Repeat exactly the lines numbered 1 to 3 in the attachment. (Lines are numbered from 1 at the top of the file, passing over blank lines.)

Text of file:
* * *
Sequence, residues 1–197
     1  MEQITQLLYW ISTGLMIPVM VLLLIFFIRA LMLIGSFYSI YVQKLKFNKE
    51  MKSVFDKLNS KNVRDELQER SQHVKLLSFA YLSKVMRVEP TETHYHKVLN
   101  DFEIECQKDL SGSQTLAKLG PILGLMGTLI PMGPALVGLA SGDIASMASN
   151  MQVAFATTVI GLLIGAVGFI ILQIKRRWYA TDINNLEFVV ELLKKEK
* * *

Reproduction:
Sequence, residues 1–197
     1  MEQITQLLYW ISTGLMIPVM VLLLIFFIRA LMLIGSFYSI YVQKLKFNKE
    51  MKSVFDKLNS KNVRDELQER SQHVKLLSFA YLSKVMRVEP TETHYHKVLN